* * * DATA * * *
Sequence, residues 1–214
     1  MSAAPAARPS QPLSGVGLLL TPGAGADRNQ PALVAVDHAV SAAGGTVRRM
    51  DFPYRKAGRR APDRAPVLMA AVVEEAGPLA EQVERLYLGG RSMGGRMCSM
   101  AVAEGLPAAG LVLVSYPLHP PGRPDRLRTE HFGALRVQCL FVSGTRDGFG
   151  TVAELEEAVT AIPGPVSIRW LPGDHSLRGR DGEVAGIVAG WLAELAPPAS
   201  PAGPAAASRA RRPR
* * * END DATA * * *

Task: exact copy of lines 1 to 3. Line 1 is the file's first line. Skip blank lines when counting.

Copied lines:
Sequence, residues 1–214
     1  MSAAPAARPS QPLSGVGLLL TPGAGADRNQ PALVAVDHAV SAAGGTVRRM
    51  DFPYRKAGRR APDRAPVLMA AVVEEAGPLA EQVERLYLGG RSMGGRMCSM